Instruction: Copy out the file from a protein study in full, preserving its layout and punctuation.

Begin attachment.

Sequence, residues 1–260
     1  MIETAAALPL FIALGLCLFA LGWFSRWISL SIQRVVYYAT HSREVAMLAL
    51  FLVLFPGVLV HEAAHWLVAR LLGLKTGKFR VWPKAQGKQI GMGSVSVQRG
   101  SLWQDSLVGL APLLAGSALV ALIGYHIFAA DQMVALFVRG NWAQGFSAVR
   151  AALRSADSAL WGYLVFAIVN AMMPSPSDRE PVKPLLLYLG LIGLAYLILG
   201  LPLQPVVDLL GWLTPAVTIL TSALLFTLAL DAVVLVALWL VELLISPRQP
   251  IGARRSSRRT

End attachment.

Sequence, residues 1–260
     1  MIETAAALPL FIALGLCLFA LGWFSRWISL SIQRVVYYAT HSREVAMLAL
    51  FLVLFPGVLV HEAAHWLVAR LLGLKTGKFR VWPKAQGKQI GMGSVSVQRG
   101  SLWQDSLVGL APLLAGSALV ALIGYHIFAA DQMVALFVRG NWAQGFSAVR
   151  AALRSADSAL WGYLVFAIVN AMMPSPSDRE PVKPLLLYLG LIGLAYLILG
   201  LPLQPVVDLL GWLTPAVTIL TSALLFTLAL DAVVLVALWL VELLISPRQP
   251  IGARRSSRRT